By now, the search committee should have a sense that each of the interviewees has the knowledge, skills, and abilities to do the job. However, there still a need for information in some areas. The on-campus visit allows the campus community to get a feel for the candidate/institution "chemistry," the candidates' personal traits, and in short, whether the candidate will be effective in the institution. The candidates also may have questions on a range of topics. Campus visits promote the goals of both the candidates and the institution.
All visits across the campus, as well as meal visits, are considered an extension of the interview process. A committee member should accompany the applicant to each meeting to ensure that discriminatory questions are not posed to the interviewee. If an inappropriate question is directed to the interviewee, it is the responsibility of the committee member to inform the applicant that the question(s) should not be answered.
Schedules should be planned to get the best use of time. A committee member or other staff on hand for transitions between appointments, to provide for introductions, to help guide the candidate around campus, and to answer questions. Attempt to schedule all appointments in the administration building consecutively. Experience on this campus suggests that it is better if the candidate can be scheduled to meet with the vice president late in the day. This allows the candidate time to get a feel for the culture of the campus, and to formulate questions best asked of the vice president.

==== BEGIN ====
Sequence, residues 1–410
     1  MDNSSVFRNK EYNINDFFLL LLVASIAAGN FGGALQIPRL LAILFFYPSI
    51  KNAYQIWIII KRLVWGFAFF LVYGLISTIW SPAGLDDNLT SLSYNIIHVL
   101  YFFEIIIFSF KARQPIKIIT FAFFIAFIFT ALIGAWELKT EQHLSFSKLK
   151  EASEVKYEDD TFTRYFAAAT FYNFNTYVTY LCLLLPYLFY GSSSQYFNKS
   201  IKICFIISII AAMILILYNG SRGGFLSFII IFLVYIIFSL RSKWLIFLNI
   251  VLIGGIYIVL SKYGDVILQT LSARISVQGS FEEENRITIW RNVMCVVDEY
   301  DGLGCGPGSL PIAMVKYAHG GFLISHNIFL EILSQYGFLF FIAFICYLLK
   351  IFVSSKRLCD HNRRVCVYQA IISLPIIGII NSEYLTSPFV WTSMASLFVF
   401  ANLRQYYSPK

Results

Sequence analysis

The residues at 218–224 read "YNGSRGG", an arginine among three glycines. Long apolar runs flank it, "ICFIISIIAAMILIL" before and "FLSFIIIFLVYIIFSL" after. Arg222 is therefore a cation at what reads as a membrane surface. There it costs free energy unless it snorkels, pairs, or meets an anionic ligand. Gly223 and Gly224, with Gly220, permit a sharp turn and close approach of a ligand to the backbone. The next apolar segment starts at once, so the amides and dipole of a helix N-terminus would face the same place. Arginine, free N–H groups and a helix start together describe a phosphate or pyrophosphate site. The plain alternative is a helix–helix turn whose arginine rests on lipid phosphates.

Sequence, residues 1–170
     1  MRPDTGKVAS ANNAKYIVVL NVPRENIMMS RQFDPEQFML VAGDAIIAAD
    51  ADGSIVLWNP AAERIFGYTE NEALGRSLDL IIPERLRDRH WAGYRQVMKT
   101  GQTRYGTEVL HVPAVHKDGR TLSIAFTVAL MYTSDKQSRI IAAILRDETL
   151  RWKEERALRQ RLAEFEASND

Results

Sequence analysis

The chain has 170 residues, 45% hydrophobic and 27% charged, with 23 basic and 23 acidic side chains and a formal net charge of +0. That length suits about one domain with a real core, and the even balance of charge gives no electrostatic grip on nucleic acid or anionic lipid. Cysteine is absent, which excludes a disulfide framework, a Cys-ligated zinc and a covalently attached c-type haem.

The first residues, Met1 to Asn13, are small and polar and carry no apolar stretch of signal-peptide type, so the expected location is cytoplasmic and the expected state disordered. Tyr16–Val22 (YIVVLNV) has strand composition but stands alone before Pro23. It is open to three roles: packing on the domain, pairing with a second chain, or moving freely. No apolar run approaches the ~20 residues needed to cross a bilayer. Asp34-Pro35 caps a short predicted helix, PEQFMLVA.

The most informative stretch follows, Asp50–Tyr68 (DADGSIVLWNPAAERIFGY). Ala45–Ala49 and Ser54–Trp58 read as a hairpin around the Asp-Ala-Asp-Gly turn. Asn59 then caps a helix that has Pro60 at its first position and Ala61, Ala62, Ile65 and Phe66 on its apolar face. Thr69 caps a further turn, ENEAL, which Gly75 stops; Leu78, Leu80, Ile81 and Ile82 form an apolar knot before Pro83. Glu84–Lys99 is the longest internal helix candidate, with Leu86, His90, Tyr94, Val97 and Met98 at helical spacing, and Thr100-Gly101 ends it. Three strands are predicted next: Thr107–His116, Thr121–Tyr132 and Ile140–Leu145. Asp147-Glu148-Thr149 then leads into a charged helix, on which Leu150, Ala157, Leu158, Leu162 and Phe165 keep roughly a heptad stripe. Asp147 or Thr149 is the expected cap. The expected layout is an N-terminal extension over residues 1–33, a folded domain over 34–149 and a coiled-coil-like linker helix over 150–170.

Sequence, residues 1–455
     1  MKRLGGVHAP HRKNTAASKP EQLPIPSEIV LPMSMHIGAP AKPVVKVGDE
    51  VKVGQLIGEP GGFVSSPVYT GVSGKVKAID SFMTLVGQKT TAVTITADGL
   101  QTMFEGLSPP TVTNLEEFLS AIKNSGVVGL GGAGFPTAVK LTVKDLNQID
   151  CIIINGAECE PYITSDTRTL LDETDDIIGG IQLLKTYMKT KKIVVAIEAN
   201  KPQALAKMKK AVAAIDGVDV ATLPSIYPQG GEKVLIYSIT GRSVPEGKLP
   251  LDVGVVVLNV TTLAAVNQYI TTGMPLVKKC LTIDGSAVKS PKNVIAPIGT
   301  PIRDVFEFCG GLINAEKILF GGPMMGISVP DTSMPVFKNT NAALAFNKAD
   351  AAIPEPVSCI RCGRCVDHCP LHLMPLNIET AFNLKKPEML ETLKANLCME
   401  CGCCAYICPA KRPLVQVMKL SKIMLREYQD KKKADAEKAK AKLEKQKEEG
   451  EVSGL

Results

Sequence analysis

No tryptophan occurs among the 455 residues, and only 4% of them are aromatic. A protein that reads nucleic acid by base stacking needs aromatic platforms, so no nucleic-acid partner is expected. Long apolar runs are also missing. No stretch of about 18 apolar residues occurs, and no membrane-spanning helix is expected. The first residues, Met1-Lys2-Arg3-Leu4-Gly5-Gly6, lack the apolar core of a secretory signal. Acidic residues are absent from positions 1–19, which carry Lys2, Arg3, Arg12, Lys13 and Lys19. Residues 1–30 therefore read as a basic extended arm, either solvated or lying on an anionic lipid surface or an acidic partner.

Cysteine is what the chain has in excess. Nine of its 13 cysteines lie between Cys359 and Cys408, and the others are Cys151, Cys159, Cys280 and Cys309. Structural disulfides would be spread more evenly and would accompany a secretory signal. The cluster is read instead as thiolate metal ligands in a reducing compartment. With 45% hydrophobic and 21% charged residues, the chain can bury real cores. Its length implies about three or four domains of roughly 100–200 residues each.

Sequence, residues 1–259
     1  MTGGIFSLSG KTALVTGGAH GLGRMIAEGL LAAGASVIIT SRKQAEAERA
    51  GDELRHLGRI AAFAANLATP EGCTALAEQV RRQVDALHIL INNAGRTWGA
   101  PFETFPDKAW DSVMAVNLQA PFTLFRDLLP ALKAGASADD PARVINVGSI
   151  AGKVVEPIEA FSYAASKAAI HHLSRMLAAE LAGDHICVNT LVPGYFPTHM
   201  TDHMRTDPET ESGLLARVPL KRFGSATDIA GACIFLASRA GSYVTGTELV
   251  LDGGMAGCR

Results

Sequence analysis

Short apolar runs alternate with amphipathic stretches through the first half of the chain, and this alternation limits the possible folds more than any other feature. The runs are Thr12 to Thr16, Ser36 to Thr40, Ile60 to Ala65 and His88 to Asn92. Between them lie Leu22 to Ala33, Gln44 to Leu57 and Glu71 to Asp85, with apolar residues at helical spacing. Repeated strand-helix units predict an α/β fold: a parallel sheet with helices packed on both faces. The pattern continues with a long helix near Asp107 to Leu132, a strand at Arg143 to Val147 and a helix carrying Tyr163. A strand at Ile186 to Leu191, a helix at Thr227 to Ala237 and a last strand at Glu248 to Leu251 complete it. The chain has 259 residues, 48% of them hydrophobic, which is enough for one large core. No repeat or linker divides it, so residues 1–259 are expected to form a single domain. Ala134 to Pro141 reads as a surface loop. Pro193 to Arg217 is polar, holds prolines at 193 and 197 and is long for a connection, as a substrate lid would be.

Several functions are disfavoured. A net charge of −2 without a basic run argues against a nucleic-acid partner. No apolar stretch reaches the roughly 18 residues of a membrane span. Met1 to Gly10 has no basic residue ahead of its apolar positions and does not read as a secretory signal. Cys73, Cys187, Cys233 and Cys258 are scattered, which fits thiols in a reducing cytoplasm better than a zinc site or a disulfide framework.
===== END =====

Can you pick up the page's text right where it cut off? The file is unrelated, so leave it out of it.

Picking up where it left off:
It will be necessary to secure an Authorization of Release of Information form from finalists, if it has not been done previously. It is typically done prior to a campus visit. One can secure it at the time of the finalist's campus visit, if it occurs prior to the committee conducting reference checks.